Progressive supranuclear palsy (PSP) is a movement disorder that occurs from damage to certain nerve cells in the brain.
Dementia - nuchal dystonia; Richardson-Steele-Olszewski syndrome; Palsy - progressive supranuclear
PSP is a condition that causes symptoms similar to those of Parkinson disease.
It involves damage to many cells of the brain. Many areas are affected, including the part of the brainstem where cells that control eye movement are located. The area of the brain that controls steadiness when you walk is also affected. The frontal lobes of the brain are also affected, leading to personality changes.
The cause of the damage to the brain cells is unknown. PSP gets worse over time.
People with PSP have deposits in brain tissues that look like those found in people with Alzheimer disease. There is a loss of tissue in most areas of the brain and in some parts of the spinal cord.
The disorder is most often seen in people over 60 years old, and is somewhat more common in men.
Symptoms may include any of the following:
The goal of treatment is to control symptoms. There is no known cure for PSP.
Medicines such as levodopa may be tried. These drugs raise the level of a brain chemical called dopamine. Dopamine is involved in the control of movement. The medicines may reduce some symptoms, such as rigid limbs or slow movements for a time. But they are usually not as effective as they are for Parkinson disease.
Many people with PSP will eventually need around-the-clock care and monitoring as they lose brain functions.
Adam Boxer is a Neurologist in San Francisco, California. Boxer has been practicing medicine for over 24 years and is rated as an Elite expert by MediFind in the treatment of Progressive Supranuclear Palsy Atypical. He is also highly rated in 22 other conditions, according to our data. His top areas of expertise are Frontotemporal Dementia, Progressive Supranuclear Palsy, Progressive Supranuclear Palsy Atypical, and Supranuclear Ophthalmoplegia. He is licensed to treat patients in California.
Gunter Hoglinger practices in Hannover, Germany. Hoglinger is rated as an Elite expert by MediFind in the treatment of Progressive Supranuclear Palsy Atypical. They are also highly rated in 17 other conditions, according to our data. Their top areas of expertise are Supranuclear Ophthalmoplegia, Progressive Supranuclear Palsy, Progressive Supranuclear Palsy Atypical, and Brown Syndrome.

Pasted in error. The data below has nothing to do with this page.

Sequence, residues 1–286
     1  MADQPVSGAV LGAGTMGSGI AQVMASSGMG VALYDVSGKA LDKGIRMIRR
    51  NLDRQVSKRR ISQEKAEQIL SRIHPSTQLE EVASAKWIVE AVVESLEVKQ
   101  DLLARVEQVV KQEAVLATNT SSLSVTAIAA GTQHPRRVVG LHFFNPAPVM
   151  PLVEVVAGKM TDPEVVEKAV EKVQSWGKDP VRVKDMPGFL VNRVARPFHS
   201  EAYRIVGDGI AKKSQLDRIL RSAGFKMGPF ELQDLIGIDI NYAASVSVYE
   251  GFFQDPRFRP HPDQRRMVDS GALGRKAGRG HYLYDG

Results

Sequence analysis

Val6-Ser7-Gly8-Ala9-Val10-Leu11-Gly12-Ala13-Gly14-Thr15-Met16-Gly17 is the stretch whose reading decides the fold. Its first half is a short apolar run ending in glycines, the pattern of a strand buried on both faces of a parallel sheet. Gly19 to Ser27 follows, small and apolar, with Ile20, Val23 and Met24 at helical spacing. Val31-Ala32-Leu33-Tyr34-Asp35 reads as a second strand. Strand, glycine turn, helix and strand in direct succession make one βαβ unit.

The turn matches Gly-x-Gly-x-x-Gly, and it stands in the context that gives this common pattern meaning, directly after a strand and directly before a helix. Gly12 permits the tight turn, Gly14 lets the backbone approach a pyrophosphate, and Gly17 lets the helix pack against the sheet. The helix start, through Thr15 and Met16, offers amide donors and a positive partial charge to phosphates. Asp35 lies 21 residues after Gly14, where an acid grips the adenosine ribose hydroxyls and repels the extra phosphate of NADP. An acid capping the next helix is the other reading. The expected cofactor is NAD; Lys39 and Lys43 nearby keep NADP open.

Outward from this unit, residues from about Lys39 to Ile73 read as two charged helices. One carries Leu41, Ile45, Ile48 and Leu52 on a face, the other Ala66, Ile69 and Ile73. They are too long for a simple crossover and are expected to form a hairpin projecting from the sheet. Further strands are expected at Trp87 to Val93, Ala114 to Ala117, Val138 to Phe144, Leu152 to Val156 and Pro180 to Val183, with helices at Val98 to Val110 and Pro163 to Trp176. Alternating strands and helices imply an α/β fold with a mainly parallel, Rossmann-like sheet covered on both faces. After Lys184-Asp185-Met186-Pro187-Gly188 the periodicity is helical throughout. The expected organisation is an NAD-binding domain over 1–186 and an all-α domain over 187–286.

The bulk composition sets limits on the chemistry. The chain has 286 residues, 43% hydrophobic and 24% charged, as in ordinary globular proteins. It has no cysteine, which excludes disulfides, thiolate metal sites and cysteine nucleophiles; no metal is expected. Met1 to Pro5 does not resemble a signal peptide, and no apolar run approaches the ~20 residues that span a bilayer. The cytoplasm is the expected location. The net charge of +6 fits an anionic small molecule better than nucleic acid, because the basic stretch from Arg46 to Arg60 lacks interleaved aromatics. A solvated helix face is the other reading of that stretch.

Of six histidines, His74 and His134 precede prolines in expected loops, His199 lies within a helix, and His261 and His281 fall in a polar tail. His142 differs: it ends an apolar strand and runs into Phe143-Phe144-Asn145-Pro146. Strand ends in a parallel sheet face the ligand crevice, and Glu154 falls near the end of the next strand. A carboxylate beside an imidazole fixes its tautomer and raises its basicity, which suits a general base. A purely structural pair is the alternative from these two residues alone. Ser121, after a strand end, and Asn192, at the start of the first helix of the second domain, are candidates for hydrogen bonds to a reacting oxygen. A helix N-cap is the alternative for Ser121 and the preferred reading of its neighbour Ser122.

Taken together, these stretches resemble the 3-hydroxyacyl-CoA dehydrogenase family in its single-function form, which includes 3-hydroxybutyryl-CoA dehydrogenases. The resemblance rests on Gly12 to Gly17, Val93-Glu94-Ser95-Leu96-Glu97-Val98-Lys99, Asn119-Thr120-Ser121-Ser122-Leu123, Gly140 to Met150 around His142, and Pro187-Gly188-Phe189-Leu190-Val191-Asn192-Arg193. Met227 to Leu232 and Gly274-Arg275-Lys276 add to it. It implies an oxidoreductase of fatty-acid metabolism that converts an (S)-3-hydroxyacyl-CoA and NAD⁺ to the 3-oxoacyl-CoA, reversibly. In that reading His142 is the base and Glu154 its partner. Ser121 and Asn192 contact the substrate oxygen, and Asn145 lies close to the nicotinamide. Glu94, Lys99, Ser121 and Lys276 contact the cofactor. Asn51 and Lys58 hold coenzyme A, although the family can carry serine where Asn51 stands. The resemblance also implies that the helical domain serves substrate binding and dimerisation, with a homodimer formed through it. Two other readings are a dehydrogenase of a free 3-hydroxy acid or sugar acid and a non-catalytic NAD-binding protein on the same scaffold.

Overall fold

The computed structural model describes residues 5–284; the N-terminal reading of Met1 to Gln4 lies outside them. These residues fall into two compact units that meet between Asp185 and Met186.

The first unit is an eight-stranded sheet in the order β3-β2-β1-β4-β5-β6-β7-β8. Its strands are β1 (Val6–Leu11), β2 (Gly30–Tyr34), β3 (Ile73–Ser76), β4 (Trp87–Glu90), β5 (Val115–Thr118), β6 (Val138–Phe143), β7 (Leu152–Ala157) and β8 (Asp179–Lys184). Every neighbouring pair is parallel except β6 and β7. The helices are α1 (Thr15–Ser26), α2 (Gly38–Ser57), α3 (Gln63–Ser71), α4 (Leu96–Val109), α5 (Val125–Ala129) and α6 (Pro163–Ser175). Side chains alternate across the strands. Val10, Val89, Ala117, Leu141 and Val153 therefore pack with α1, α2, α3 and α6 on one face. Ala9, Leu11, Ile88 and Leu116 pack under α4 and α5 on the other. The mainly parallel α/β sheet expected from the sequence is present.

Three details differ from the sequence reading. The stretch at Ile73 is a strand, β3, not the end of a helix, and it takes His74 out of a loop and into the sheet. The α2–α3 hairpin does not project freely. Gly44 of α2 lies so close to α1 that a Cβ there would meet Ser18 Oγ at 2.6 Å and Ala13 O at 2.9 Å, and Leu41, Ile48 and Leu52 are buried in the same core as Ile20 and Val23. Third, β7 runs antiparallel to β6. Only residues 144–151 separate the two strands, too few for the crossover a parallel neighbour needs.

Irene Litvan is a Neurologist in San Diego, California. Litvan has been practicing medicine for over 43 years and is rated as an Elite expert by MediFind in the treatment of Progressive Supranuclear Palsy Atypical. She is also highly rated in 25 other conditions, according to our data. Her top areas of expertise are Parkinson's Disease, Supranuclear Ophthalmoplegia, Progressive Supranuclear Palsy, and Progressive Supranuclear Palsy Atypical. She is licensed to treat patients in Kentucky. Litvan is currently accepting new patients.
Treatment sometimes can reduce symptoms for a while, but the condition will get worse. Brain function will decline over time. Death commonly occurs in 5 to 7 years.
Newer drugs are being studied to treat this condition.
Complications of PSP include:
Call your provider if you often fall, and if you have a stiff neck/body, and vision problems.
Also, call if a loved one has been diagnosed with PSP and the condition has declined so much that you can no longer care for the person at home.
Published Date: June 23, 2020
Published By: Amit M. Shelat, DO, FACP, FAAN, Attending Neurologist and Assistant Professor of Clinical Neurology, Renaissance School of Medicine at Stony Brook University, Stony Brook, NY. Review provided by VeriMed Healthcare Network. Also reviewed by David Zieve, MD, MHA, Medical Director, Brenda Conaway, Editorial Director, and the A.D.A.M. Editorial team.
Jankovic J. Parkinson disease and other movement disorders. In: Daroff RB, Jankovic J, Mazziotta JC, Pomeroy SL, eds. Bradley's Neurology in Clinical Practice. 7th ed. Philadelphia, PA: Elsevier; 2016:chap 96.
Ling H. Clinical approach to progressive supranuclear palsy. J Mov Disord. 2016;9(1):3-13. PMID: 26828211 pubmed.ncbi.nlm.nih.gov/26828211/.
National Institute of Neurological Disorders website. Progressive supranuclear palsy fact sheet. www.ninds.nih.gov/Disorders/Patient-Caregiver-Education/Fact-Sheets/Progressive-Supranuclear-Palsy-Fact-Sheet. Updated March 17, 2020. Accessed August 19, 2020.